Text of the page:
Pandemics generally have two endings: a medical ending when the incidence and death rates subside, and the social, when the fear of the disease recedes, according to the New York Times. 

Unfortunately for business leaders, neither is in sight yet.

The COVID-19 pandemic and the world-wide closures that followed have impacted business in many ways, both at a large scale and at an individual organization level. 

Here, we examine some of the key areas the coronavirus pandemic has impacted.

Small businesses are among the hardest hit.

Most businesses don’t have the cash stockpiled to survived a month-long disruption to income, and forecasts suggest more than 2 million workers could lose their jobs in just a week, according to a Business Insider COVID report. 

Problems for small businesses are problems for nearly everyone, as JPMorgan Chase & CO dubs them “an anchor of the U.S. economy” noting that most (99 percent) of the country’s 28.7 million firms are small businesses. 

Small businesses face a conundrum: now is an important time to continue to move forward, but it’s also critical to cut costs. Forbes contributor Serenity Gibbons advises businesses to look at key areas primed for outsourced corporate development opportunities, like HR, customer service, media buying, or sales and lead generation. 

And while small business doesn’t have the operating budget of Microsoft, they can emulate the company’s cost-cutting measures, which were introduced before we’d even heard the term COVID-19: Microsoft stored more data in the cloud, leaned on its Office 365 architecture, and cut travel by leaning on video conferencing – all to the tune of cut costs, by $120,000 per day, according to UC Today

Global supply chains are disrupted 

Most of the Fortune 1000 companies (90%) had already experienced supply chain disruption at the time of an April 21 KPMG report, and many are looking warily at China given some concerns about the possibility of a second string of infections. 

Supply chains have suffered because of:

  • Dramatic spikes and plummets in demand, as some companies have weakened demand while others have skyrocketed
  • Uncertainty in raw materials
  • Delayed shipping, due to shortages and logistics challenges
  • Challenges obtaining significant workforce capacity

KPMG advises business leaders to work to assess multiple scenarios for financial and operational impact, hone in on the balance between supply and demand, and evaluate key suppliers to understand how they can influence the supply chain. 

Leveraging artificial intelligence (AI) to power predictive analytics is the most effective way for businesses to effectively and efficiently model scenarios and assess outcomes, and implanting cutting-edge technology like blockchain or cloud-based operations can better equip businesses to get a handle on the now-volatile supply chain.

Travel has all but evaporated

The current average for a U.S. domestic flight is a minuscule 23 passengers, according to a May 10 New York Times report. With no vaccine in sight, it’s impossible to predict when, if ever, the airline industry will operate as many flights as they did prior to the pandemic. This evaporation of travel is devasting for the travel and hospitality industry, but also signals an unwillingness to travel that can impact businesses of all industries.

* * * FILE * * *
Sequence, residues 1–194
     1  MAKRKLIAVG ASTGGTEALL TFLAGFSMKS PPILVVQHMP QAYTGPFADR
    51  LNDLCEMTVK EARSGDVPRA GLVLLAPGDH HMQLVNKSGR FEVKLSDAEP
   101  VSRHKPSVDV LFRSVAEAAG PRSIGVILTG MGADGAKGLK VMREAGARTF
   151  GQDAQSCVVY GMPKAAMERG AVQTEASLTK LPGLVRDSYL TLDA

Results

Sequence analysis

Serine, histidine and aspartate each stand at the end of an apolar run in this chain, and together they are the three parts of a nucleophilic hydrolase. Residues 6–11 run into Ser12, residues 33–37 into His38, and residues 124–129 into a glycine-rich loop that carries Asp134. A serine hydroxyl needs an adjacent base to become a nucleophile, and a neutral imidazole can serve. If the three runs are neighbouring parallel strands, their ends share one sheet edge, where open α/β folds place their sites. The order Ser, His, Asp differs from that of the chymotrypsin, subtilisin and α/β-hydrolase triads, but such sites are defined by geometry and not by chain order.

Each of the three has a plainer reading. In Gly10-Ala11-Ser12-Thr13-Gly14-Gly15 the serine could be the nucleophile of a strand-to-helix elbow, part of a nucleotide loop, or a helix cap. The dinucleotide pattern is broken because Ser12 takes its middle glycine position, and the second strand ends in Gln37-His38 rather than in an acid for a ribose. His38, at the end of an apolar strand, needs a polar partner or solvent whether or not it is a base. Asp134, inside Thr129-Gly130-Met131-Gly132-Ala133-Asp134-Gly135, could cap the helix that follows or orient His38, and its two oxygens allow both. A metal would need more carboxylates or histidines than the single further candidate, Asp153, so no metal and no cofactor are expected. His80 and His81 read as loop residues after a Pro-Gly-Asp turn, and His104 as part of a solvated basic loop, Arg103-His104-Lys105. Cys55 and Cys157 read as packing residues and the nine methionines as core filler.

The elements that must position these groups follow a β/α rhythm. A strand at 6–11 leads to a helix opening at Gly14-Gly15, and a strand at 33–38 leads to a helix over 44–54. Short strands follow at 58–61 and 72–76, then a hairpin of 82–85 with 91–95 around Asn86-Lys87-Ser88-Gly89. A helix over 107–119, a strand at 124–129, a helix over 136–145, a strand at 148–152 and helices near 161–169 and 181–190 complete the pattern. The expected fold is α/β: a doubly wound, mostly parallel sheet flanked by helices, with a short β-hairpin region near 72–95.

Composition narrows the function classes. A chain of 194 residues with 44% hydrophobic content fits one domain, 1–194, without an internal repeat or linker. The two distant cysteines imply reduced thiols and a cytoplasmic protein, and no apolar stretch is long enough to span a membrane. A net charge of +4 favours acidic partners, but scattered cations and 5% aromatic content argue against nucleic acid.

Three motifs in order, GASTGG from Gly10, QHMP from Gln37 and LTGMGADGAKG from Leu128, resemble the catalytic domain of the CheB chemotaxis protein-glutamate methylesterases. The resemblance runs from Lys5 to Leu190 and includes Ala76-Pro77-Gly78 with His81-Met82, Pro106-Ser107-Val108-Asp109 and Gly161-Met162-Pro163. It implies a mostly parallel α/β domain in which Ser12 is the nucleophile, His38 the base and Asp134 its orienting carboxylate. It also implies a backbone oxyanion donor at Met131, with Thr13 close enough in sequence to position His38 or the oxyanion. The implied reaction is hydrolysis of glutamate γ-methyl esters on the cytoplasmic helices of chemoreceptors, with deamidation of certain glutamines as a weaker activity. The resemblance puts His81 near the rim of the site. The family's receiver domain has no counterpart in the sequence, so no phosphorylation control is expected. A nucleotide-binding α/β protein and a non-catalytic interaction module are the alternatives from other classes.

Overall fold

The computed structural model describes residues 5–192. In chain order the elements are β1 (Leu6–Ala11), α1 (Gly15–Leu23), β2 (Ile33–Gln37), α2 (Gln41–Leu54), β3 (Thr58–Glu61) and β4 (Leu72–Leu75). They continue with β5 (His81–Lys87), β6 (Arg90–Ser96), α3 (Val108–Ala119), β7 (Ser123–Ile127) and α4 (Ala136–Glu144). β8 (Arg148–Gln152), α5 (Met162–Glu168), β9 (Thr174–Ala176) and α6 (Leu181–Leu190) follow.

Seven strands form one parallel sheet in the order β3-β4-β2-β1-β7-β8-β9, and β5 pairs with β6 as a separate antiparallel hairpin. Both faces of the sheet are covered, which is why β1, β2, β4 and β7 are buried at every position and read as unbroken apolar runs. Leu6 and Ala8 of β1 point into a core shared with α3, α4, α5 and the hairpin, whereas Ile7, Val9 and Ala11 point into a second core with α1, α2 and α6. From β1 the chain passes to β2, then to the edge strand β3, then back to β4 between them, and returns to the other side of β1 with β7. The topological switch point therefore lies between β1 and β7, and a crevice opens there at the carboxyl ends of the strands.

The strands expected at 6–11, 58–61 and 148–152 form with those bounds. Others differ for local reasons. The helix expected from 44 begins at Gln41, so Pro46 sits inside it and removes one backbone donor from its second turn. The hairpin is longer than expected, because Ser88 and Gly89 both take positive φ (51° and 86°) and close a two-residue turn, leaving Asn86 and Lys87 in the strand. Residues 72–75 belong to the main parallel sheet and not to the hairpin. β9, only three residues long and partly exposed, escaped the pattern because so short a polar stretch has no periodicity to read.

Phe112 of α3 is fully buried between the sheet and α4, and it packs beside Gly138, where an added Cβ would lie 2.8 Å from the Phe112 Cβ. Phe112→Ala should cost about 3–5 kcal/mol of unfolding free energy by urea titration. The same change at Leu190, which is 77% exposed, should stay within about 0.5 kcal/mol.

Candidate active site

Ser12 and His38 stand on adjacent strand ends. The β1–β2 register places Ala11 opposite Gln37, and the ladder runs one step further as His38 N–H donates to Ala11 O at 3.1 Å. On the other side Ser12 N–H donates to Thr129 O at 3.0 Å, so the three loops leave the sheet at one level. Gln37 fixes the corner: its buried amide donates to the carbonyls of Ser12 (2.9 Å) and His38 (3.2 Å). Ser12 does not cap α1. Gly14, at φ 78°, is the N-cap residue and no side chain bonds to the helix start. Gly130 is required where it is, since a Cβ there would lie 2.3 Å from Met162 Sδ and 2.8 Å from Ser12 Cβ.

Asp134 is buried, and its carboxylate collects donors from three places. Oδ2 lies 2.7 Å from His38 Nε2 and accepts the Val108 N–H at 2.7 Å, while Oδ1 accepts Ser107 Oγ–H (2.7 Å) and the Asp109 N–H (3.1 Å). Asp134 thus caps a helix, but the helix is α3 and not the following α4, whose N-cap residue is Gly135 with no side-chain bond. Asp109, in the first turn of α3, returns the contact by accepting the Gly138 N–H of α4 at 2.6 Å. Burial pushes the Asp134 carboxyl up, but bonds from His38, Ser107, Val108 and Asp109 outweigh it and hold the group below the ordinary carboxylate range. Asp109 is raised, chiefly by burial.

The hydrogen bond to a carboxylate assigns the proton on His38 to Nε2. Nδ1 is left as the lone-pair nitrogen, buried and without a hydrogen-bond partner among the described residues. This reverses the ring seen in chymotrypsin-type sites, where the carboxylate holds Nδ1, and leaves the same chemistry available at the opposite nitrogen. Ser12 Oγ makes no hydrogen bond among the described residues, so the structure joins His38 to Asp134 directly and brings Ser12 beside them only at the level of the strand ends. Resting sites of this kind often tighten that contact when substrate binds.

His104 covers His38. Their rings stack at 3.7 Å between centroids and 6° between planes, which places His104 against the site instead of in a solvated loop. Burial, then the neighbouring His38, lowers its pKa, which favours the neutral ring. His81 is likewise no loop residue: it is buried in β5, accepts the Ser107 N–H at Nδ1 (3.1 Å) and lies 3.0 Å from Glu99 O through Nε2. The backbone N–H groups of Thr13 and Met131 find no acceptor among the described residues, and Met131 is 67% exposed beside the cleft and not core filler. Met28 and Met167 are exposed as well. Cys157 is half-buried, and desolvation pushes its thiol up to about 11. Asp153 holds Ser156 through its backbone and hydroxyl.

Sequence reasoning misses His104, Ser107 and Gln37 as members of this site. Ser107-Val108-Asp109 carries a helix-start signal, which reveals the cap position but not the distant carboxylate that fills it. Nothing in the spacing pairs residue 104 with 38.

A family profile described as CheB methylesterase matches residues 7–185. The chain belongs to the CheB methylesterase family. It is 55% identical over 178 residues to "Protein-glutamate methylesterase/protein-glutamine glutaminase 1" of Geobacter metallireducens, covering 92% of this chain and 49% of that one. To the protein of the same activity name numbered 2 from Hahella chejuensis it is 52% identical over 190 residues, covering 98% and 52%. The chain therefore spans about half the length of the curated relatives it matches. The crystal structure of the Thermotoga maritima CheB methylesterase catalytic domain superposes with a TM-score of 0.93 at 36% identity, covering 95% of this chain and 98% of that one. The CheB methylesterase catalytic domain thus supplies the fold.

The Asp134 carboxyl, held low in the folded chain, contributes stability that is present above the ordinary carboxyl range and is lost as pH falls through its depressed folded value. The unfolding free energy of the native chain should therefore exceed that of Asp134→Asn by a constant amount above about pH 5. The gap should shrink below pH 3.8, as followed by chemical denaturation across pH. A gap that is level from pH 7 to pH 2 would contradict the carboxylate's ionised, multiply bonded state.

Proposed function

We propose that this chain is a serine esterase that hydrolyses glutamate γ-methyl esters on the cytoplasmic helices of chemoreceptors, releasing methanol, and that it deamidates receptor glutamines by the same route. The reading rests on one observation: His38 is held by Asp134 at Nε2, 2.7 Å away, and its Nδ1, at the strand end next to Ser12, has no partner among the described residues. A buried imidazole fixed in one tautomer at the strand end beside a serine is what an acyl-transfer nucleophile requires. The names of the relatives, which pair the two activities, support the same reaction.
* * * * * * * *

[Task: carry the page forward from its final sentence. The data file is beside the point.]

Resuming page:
Businesses need to forge new ways of connecting to customers and dispersed employees without sitting side-by-side – and this means leveraging technology to close the gap. 

Reopening is a new frontier

As we all well know, we’ve never shut down the modern economy in full, which means we’ve also never re-opened. Across the country, reopening looks vastly different, and businesses on the forefront will have to navigate how to ease customer concern and conduct business in the new state of the business environment. 

A rise in absenteeism

Employee absences are on the rise, for personal illness, caring for ill family members, or navigating childcare after early childhood programs and K-12 school largely shut down. For businesses already running lean, this requires great agility at adapting business operations, improved cross-training, and careful prioritization – all steps that are challenging, if not impossible to make, if your enterprise applications, data, and custom software can’t cut it.

Ongoing disruption

Most crises have an established end, whether that’s rebuilding infrastructure in the wake of a natural disaster or waiting for consumer confidence to increase after a recession. As a result, most risk management plans prior to now took a shorter term view. 

Now, business leaders are faced with an ongoing disruption, with an end date that varies based on who you ask.  Leaders need a solid infrastructure to support consistent communication, a mechanism to hear from employees, and a proven way to stay informed, and keep staff informed. 

The Centers for Disease Control and Prevention provides resources for Business and Workplaces to support planning, preparation, and response. 

Mitigating the Impact

As a business leader, you’re fighting new challenges regularly in the wake of the COVID-19 pandemic. What you don’t need to battle is your technology. TechGenies can help you identify, develop, and implement the outsourced software support or corporate development your business needs to maximize efficiency and remain competitive. Tell us how we can help you manage the impact of the pandemic at info@techgenies.com.

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